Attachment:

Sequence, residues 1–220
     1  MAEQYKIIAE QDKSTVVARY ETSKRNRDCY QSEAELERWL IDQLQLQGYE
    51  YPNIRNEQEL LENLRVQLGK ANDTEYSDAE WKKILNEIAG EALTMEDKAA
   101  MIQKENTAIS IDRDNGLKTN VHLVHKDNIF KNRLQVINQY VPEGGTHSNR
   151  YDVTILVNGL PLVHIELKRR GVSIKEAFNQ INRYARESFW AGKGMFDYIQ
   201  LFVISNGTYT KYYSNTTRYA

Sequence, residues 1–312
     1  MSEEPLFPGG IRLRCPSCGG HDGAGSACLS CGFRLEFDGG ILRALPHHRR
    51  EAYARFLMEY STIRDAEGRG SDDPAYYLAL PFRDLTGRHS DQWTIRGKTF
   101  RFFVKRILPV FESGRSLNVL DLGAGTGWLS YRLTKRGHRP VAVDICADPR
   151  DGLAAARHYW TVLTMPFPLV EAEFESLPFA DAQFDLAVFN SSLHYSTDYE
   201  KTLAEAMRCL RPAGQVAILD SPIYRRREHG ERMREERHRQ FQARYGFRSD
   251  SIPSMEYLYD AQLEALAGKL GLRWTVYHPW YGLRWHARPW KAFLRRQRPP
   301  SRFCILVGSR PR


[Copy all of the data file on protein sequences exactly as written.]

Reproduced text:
Sequence, residues 1–220
     1  MAEQYKIIAE QDKSTVVARY ETSKRNRDCY QSEAELERWL IDQLQLQGYE
    51  YPNIRNEQEL LENLRVQLGK ANDTEYSDAE WKKILNEIAG EALTMEDKAA
   101  MIQKENTAIS IDRDNGLKTN VHLVHKDNIF KNRLQVINQY VPEGGTHSNR
   151  YDVTILVNGL PLVHIELKRR GVSIKEAFNQ INRYARESFW AGKGMFDYIQ
   201  LFVISNGTYT KYYSNTTRYA

Sequence, residues 1–312
     1  MSEEPLFPGG IRLRCPSCGG HDGAGSACLS CGFRLEFDGG ILRALPHHRR
    51  EAYARFLMEY STIRDAEGRG SDDPAYYLAL PFRDLTGRHS DQWTIRGKTF
   101  RFFVKRILPV FESGRSLNVL DLGAGTGWLS YRLTKRGHRP VAVDICADPR
   151  DGLAAARHYW TVLTMPFPLV EAEFESLPFA DAQFDLAVFN SSLHYSTDYE
   201  KTLAEAMRCL RPAGQVAILD SPIYRRREHG ERMREERHRQ FQARYGFRSD
   251  SIPSMEYLYD AQLEALAGKL GLRWTVYHPW YGLRWHARPW KAFLRRQRPP
   301  SRFCILVGSR PR